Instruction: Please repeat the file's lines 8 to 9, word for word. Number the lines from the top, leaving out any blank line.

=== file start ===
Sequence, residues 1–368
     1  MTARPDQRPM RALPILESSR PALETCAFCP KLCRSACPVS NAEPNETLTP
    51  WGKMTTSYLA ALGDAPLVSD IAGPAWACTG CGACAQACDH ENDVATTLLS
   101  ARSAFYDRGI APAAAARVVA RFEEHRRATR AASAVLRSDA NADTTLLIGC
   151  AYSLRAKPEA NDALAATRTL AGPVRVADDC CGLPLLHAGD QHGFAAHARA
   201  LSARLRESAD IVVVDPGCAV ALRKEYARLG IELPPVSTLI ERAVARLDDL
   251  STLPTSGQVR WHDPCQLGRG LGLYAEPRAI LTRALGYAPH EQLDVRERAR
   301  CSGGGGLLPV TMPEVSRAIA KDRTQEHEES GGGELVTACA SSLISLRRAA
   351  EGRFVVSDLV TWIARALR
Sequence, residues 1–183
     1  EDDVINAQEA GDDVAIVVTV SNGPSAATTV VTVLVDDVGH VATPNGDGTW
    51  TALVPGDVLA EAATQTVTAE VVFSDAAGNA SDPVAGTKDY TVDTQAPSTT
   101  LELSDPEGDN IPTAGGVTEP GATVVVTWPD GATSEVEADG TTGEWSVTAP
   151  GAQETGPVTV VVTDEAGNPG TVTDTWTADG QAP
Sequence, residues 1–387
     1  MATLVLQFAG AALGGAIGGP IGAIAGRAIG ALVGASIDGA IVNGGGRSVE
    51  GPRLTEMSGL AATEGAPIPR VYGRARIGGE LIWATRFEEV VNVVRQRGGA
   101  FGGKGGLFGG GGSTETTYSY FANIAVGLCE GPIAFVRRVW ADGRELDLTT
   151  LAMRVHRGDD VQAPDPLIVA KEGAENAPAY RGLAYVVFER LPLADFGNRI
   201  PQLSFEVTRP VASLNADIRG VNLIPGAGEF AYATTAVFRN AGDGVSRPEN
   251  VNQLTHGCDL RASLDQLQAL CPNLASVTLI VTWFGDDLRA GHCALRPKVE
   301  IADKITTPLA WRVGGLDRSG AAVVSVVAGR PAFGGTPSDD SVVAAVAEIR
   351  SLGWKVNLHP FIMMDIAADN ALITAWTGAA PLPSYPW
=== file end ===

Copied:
   301  CSGGGGLLPV TMPEVSRAIA KDRTQEHEES GGGELVTACA SSLISLRRAA
   351  EGRFVVSDLV TWIARALR